Want To See A Grown Man–

Earring Series - Jeff with Black Swallowtail Earrings (Best shot), at "Butterflies and Blooms in the Briar Patch," Eatonton, GA

This is the shot with the Eastern Black Swallowtails fully on my right ear.Want To See

I went there early, really early that morning. My plan? To hope to find butterflies nestled in their overnight hideaways, and track them as they slowly flew to flat leaves, where they’d remain until the growing morning sun warmed their wings. That plan worked, worked just fine.

I found that coupled pair of Eastern Black Swallowtails. Began to photo them. Heard someone entering the Butterflies & Blooms Briar Patch and I was concerned that the butterflies would be spooked by that person (?) and flee. Who’d I see arrive? My friend Sylbie Yon. Huh? What? Why had Sylbie come to this mini-wilderness, smack in the middle of Eatonton, Georgia?

I wildly signalled her to slow down, approach us cautiously. She did. I thought fast. Before I could do anything else. The Black Swallowtails flew. Sylbie quietly told me that they’d flown onto me???

I handed her my camera, gave her quick instructions as to how to operate my Canon film Elan camera, and Look! Look! Sylbie capture the now famous Jeff’s Earrings series of shots. I Love these images, the series seen by selecting it at the top of wingedbeauty.com posts.

This is the one that rattled me. The pair moved from my shoulder to my hat to . . . my right ear. I was already ‘pudding’ for such mystical moments melted me, they bringing memories of Frieda A”H and her losing battle with non-Hodgkins Lymphoma/Stem Cell Transplant/ side-effect=Leukemia. I cried, trying to not let my friend see me (on the Brooklyn streets, crying was not done, period).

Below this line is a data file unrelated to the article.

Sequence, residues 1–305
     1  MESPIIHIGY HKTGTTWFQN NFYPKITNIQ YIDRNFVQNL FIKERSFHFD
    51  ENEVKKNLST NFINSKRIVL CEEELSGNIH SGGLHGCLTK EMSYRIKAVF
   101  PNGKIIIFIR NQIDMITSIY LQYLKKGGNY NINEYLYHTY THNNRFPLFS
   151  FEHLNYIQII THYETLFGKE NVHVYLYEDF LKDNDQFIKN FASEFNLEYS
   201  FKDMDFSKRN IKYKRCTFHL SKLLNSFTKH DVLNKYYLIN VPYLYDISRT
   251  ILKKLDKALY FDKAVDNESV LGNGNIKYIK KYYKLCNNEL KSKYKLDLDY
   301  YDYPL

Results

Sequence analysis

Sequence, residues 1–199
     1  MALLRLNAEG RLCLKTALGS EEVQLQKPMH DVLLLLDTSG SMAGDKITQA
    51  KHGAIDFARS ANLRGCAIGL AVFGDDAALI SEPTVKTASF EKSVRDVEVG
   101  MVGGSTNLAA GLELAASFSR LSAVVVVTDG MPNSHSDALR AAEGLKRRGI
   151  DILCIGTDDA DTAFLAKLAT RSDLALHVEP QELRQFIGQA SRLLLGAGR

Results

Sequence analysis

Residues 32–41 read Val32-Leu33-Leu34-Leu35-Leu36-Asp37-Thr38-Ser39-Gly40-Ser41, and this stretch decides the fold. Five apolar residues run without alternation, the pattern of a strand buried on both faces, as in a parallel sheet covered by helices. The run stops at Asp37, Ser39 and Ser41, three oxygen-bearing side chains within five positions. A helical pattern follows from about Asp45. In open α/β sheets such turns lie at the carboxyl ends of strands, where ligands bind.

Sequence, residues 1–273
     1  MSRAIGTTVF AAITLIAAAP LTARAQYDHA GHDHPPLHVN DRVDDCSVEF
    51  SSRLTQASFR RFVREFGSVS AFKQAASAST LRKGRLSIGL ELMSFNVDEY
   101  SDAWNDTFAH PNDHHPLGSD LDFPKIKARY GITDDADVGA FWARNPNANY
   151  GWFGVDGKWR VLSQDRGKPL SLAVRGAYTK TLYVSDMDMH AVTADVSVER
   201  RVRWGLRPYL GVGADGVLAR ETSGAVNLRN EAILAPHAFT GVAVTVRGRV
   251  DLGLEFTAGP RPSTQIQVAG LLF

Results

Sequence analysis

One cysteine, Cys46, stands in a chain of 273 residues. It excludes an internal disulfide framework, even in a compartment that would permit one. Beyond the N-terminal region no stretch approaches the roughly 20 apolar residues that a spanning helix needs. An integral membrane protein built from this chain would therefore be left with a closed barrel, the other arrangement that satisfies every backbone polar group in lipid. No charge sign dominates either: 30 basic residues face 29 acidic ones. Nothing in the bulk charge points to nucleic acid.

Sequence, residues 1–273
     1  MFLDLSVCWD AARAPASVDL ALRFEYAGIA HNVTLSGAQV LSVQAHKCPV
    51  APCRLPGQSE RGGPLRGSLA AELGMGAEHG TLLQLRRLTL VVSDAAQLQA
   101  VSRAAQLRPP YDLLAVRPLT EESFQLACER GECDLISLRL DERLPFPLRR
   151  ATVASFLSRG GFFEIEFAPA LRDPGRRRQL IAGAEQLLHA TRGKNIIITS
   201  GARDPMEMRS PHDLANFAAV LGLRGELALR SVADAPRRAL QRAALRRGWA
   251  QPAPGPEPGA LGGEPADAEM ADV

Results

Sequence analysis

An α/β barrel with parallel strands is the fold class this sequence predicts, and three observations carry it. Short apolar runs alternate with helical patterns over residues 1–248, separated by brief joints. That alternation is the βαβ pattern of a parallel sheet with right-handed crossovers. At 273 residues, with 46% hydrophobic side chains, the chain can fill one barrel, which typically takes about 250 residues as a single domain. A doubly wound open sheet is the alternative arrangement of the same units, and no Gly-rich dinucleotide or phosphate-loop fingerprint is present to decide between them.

I will always cherish this, hang with me here, don’t judge, but where I lived my formative years, those streets, guys did not wear earrings,.

Look at me. How I’ve . . . .

Jeff

‘Busters’ Now A Memory

Male Black Swallowtail Butterfly photographed by Jeff Zablow in the Briar Patch Habitat in Eatonton, GA

Been doing this now for decades, that is, seeking and photographing butterflies. Some things get easier, including enduring the disappearance of butterflies in the Fall, here in Georgia, and disciplining yourself, with the understanding that they will reappear in the Georgia Spring. Spring here in the southeastern USA comes as early as February. That means that your parsley and rue, domestic and cultivar will begin to prosper, and that also means that these butterflies, Eastern Black Swallowtails will soon appear.